‘You’re A Woman And You Should Feel That Way’: ESPN’s Broadcaster, Stephen A. Smith, Defends Floyd Mayweather’s History Of Domestic Violence To Co-Host

ESPN’s broadcaster Stephen A. Smith is at it again, delving into a touchy topic that landed him a one-week suspension just nine months ago, claiming “women can play a role in provoking men into violence.” This time, he’s defending boxer Floyd Mayweather’s — who’s been convicted of domestic violence twice — history of domestic violence during a discussion with co-host Cari Champion.

Smith was responding to a comment made by trainer Freddie Roach, claiming that “Mayweather-Pacquiao is a fight pitting good against evil because of Mayweather’s domestic violence issues.”

“What makes me uncomfortable is that they’re also lumping all of this other stuff that Floyd Mayweather allegedly has done to say, ‘Well, you know what? Look at how much of a bad guy he is,’ ” Smith said.

“When you take the position that you take, Cari, against — I got no problems with this, you’re a woman, you should feel that way — anybody else, based on what he’s been accused of, I get that. I have no issue whatsoever.”

Champion interrupted him and stated “I definitely have an issue with his domestic-violence record, but I also have an issue with how he treats women period outside the ring.”

Smith was essentially saying that domestic violence is simply a woman’s issue. But when he realized his co-host wasn’t too fond of his comment, he quickly explained his reason behind his saying.

“I’m saying that her position is clear because she’s a woman, and this is how she feels he conducts himself. I am a boxing fan. When I’m talking about Mayweather-Pacquiao, I’m thinking about two dudes strictly in the boxing ring. And that’s all I’m doing.”

“What kind of person are you!” Roach responds after hearing Smith defending Mayweather’s history of domestic violence.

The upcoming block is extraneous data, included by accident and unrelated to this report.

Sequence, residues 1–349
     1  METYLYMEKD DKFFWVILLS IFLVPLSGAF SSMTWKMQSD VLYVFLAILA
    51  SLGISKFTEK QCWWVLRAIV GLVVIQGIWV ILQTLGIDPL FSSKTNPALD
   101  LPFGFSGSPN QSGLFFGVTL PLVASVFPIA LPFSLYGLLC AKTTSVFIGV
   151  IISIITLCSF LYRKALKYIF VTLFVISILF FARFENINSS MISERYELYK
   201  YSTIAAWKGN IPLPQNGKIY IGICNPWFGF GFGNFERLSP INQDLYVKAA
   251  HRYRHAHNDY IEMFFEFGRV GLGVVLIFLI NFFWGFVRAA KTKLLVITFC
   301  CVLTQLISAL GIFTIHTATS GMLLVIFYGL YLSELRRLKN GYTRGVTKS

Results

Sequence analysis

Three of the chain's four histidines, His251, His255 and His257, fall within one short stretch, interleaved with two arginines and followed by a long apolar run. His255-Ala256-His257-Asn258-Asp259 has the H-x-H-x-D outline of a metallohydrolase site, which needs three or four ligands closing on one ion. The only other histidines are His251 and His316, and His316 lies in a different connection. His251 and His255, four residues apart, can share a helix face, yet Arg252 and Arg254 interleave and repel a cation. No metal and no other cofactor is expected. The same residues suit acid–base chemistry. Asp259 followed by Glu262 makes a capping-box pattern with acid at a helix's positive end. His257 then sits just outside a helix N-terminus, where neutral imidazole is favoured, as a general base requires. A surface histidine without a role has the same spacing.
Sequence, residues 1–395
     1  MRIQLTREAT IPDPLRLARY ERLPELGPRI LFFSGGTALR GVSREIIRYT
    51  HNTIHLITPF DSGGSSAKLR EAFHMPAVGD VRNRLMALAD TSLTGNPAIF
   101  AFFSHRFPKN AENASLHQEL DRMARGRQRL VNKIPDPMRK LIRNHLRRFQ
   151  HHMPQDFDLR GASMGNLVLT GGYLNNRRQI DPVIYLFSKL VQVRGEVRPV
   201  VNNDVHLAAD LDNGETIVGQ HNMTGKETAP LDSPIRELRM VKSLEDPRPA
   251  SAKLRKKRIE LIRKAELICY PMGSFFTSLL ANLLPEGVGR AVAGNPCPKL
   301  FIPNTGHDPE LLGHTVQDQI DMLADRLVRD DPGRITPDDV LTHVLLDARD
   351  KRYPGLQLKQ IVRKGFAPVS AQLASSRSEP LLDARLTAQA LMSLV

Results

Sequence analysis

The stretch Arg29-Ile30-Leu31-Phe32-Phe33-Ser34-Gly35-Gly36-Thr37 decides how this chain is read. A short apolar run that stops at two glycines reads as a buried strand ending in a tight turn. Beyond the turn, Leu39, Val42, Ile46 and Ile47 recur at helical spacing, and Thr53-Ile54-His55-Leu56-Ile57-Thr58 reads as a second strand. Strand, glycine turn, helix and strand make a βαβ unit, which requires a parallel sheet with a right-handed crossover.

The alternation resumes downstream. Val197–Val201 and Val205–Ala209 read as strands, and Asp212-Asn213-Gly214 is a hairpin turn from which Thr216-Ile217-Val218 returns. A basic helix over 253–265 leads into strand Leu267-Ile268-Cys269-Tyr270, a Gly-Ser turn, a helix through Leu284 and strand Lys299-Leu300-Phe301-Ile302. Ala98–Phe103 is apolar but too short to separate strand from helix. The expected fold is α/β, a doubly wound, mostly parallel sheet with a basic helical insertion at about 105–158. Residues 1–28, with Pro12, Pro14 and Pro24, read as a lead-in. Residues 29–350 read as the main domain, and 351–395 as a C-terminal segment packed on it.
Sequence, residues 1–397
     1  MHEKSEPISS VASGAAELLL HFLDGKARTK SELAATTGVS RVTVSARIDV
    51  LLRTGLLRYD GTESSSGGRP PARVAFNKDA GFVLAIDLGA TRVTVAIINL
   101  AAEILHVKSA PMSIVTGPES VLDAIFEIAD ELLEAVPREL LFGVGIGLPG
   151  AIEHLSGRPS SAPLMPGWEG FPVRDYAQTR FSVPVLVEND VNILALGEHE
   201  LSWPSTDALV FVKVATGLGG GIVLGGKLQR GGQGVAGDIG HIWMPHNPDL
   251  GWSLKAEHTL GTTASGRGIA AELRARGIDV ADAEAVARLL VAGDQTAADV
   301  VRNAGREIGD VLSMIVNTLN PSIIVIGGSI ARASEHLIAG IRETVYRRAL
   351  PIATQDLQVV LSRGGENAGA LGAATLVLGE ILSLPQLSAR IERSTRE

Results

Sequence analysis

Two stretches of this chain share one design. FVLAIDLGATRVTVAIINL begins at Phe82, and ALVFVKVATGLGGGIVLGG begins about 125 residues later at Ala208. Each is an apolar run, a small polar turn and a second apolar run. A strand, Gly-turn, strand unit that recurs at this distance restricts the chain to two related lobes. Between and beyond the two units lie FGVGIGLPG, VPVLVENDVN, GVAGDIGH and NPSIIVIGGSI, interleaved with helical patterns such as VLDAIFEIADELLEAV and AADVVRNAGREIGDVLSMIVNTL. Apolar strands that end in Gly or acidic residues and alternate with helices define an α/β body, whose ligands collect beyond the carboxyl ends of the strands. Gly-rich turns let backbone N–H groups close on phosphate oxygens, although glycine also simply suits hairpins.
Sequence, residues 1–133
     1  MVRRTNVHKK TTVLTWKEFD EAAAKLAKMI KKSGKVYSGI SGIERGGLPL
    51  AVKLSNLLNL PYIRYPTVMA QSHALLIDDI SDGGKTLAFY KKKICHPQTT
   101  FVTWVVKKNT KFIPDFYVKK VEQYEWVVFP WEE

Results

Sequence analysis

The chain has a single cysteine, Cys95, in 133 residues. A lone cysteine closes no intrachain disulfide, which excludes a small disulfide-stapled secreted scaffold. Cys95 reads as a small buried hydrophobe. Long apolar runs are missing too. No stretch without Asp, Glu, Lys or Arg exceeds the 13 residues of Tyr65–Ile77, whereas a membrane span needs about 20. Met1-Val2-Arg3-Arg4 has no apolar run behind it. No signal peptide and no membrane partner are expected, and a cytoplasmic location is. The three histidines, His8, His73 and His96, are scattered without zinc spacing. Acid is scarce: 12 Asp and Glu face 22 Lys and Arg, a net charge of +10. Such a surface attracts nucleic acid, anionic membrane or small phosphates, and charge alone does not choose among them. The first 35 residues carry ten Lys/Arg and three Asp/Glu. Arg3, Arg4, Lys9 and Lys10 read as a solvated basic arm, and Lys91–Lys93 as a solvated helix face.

Just nine months ago, Smith was suspended by ESPN for one-week for saying “women can play a role in provoking men into violence,” but has since made a public apology.

“I made what can only amount to the most egregious error of my career,” Smith said. “While elaborating on thoughts concerning the NFL’s ruling on Ray Rice, following a domestic dispute with his then-fiancée, I ventured beyond the discussion by alluding to a woman’s role in such heinous matters, going as far to use the word ‘provoke’ in my diatribe.”

“My words came across as this was somehow a woman’s fault. This is not my intent. It is not what I was trying to say. Yet, the failure to truly articulate something different lies squarely on my shoulders. To say what I actually said was foolish was an understatement, to say I was wrong was obvious, to apologize, to say ‘I’m sorry,’ doesn’t do the matter justice to be quite honest, but I do sincerely apologize.

As a man raised by the greatest mothers in the world, and four older sisters, I’ve religiously spoken out against domestic violence all of my life … I’ve experienced and dealt with the matter within my own family. Unfortunately, I did an incredibly poor job of asserting my own view on Friday, particularly to victims of domestic abuse and female members of my own family that I’ve disappointed. I know better, you all deserved a better professional — and quite frankly a better man — on this very stage last Friday.”

[Image courtesy of Jamie McCarthy/Getty Images]